People here rely on farming, casual labor, and small businesses for their income. Farming is the most relied on, although it is an inconsistent source of income because the community members have to depend on the rains to farm.

There’s high potential with this group of people because if they are trained on financial management and record-keeping, they will boost their income levels. The few who indulge in casual labor proved that with the provision of water, they would embark on farming and other income-generating activities instead.

What we can do:

Sand Dam

After the community picked the spot, our technical team went in and proved the viability by finding a good foundation of bedrock. Now, our engineers are busy drawing up the blueprints. We estimate the dam will be 33.9 meters long and 3.4 meters high.

We are unified with this community to address the water shortage. As more sand dams are built, the environment will continue to transform. As the sand dams mature and build up more sand, the water tables will rise. Along with these sand dams, hand-dug wells (check out the hand-dug well being installed next to this dam) will be installed to give locals a good, safe way to access that water.

With these projects, clean water will be brought closer to hundreds of people in Kathungutu, Kenya.

Training

We will hold hygiene and sanitation training sessions with community members. These will teach about important hygiene practices and daily habits to establish in the community at the personal and household levels. Taking good care of self and environment will make for a healthy community.

Most households have poor compound hygiene and their general hygiene and sanitation standards are low.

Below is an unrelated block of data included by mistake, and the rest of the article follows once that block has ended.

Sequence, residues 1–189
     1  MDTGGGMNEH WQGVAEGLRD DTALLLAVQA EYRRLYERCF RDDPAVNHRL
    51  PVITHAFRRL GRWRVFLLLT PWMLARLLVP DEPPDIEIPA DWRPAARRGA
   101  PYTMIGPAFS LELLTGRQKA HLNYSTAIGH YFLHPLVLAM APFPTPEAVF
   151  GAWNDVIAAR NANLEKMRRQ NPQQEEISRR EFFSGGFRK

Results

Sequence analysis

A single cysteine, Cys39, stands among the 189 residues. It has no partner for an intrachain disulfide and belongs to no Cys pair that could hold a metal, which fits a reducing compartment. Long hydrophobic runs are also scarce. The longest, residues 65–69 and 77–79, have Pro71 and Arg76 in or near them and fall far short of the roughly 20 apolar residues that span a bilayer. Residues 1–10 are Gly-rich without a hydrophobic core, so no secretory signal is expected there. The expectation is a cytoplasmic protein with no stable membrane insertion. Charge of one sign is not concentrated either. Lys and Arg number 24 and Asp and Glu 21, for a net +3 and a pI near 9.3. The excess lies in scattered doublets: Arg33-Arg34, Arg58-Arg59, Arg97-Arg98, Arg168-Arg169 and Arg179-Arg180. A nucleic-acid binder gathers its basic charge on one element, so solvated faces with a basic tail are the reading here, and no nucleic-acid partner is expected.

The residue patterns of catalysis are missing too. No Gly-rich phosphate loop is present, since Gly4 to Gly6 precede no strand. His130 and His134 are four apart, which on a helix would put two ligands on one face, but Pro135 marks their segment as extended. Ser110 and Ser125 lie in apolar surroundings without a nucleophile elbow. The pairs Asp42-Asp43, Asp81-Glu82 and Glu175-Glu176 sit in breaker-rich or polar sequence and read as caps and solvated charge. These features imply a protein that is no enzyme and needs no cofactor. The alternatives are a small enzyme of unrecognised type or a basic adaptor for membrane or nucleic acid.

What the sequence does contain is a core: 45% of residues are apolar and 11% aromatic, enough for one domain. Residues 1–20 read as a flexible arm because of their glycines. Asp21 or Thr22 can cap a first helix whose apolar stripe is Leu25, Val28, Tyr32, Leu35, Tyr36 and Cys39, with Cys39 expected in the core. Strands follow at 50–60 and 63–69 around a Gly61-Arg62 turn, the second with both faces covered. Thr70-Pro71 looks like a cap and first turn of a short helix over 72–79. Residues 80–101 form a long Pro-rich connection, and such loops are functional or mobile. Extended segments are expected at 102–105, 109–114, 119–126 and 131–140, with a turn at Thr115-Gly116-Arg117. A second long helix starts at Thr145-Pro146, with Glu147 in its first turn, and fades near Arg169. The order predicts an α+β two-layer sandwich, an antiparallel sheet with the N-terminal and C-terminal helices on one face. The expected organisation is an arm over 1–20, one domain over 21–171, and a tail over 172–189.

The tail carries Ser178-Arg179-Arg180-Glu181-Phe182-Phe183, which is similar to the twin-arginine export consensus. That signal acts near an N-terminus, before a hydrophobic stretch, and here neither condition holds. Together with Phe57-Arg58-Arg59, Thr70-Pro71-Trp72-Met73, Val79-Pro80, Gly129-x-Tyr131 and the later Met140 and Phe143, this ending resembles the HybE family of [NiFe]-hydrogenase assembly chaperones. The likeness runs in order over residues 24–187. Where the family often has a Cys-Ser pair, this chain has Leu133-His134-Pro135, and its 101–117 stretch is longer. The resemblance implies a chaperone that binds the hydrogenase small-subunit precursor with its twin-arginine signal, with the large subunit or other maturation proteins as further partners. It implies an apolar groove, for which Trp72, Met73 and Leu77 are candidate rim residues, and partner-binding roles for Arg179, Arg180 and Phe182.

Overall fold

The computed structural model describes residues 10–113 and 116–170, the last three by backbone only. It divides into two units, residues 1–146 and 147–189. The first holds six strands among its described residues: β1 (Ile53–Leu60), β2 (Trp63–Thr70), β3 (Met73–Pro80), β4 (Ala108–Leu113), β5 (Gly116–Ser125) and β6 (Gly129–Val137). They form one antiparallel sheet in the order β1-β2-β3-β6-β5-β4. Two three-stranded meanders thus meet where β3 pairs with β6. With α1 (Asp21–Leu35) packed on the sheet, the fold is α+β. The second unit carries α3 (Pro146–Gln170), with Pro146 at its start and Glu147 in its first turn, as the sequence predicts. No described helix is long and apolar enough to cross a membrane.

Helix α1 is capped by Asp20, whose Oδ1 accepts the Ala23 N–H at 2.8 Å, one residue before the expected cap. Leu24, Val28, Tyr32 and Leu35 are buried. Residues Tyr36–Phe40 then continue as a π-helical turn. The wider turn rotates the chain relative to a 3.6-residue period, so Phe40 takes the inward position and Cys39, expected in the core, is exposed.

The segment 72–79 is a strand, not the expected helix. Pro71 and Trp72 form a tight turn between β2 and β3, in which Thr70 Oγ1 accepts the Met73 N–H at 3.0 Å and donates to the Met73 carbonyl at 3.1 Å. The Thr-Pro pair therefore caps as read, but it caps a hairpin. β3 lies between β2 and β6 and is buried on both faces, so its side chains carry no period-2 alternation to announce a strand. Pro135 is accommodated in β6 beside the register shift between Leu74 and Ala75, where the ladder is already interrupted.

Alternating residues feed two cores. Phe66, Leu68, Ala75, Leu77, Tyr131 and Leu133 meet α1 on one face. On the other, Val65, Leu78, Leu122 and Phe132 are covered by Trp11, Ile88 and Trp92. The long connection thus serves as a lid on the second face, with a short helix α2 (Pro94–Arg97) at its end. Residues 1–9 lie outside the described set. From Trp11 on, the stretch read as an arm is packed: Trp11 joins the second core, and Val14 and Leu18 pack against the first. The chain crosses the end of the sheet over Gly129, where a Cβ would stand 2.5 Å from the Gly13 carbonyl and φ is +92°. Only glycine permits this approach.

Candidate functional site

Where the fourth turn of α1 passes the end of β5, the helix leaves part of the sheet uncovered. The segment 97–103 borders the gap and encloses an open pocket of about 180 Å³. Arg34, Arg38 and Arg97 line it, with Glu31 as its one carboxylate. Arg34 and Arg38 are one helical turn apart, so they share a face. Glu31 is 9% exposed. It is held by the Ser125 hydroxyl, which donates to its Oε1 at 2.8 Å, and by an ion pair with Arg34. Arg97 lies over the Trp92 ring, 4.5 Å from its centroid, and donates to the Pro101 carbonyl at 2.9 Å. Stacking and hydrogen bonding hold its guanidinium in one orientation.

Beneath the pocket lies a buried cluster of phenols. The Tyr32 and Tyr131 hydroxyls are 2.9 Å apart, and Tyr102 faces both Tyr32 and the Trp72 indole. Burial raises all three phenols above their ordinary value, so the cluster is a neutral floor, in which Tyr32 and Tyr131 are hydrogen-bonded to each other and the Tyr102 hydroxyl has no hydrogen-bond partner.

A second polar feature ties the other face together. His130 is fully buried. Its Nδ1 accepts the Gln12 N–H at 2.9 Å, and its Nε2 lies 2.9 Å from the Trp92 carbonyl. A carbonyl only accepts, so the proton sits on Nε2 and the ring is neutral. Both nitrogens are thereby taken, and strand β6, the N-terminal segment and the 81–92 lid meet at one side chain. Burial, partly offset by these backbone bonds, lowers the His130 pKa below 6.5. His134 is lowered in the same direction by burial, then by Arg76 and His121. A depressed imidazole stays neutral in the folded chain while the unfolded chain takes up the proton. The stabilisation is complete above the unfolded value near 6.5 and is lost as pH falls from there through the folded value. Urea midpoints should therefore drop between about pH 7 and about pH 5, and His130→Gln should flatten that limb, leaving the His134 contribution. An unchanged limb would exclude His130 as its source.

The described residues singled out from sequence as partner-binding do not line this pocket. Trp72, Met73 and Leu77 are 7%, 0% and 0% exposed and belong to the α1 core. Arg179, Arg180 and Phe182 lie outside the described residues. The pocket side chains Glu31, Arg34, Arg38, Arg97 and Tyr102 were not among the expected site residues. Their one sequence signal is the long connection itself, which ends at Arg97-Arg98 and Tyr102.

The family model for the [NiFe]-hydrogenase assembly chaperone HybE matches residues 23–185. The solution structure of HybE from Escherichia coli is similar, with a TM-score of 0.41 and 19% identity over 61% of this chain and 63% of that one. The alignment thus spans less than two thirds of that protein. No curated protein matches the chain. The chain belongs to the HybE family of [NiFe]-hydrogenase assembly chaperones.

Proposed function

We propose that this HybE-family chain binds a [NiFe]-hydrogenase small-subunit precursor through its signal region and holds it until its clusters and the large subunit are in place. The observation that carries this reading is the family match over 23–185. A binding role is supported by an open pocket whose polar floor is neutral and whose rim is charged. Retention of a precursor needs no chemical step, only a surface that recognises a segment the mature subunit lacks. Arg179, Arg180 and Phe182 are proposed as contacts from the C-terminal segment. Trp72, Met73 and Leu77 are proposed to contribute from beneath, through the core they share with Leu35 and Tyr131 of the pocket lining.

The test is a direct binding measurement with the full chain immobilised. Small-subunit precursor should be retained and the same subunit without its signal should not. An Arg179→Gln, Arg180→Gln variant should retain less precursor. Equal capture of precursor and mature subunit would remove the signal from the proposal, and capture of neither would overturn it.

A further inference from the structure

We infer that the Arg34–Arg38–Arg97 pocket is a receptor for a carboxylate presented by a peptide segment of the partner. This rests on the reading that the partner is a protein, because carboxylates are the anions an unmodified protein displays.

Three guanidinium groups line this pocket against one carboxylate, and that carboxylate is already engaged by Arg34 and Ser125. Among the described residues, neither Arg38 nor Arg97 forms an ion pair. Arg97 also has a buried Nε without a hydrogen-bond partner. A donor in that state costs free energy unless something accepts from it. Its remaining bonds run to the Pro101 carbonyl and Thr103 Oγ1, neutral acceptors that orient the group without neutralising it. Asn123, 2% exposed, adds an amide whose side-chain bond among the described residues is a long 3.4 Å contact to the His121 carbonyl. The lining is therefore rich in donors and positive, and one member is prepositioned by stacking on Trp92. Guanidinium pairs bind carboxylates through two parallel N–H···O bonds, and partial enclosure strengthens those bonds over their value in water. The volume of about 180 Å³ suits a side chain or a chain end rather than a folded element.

“We do not have sufficient water to keep the latrines clean,” said Salina Mwende.

“At times we may fail to take showers because the water is not enough for such comforts. Lack of sufficient water is very troublesome in this area.”

In relation to this, they need improvement on compound hygiene, effective water treatment methods, handwashing training, soap making lessons and knowledge of disease transmission routes. The members of this group seem to have little knowledge on hygiene and sanitation. This also exposes them to risks of contracting diseases such as cholera, typhoid, diarrhea and stomachaches.

Project Updates


07/11/2019: Kathungutu Community Sand Dam Underway

People living in Kathungutu Community walk a long way just to get dirty water from open scoop holes. Thanks to your generosity, we’re working to solve this issue by building a sand dam that will capture water and store it nearby.

Get to know this community through the narrative and pictures we’ve posted, and read about this water, sanitation, and hygiene project. We look forward to reaching out again with news of success!


The Water Project : kenya19199-scooping-water


Project Photos


Project Type

Sand Dam

Seasonal streams (and the sand they carry) are trapped by dams, replenishing the water table and allowing for adjacent hand-dug wells. Almost completely led by community-supplied sweat and materials, and under the supervision of engineers, dams are strategically placed within those dry river-beds. The next time it rains, flood-waters are trapped.

With a sand dam, this trapped sand begins to hold millions of gallons of rainwater. Soon enough, sand reaches the top of the dam, allowing water to continue downstream – where it meets the next dam. The result? A regional water table is restored.


Contributors

Project Sponsor - Barbara Belle Ashe Dougan Family Foundation
Barbara Belle Ash Dougan Family Foundation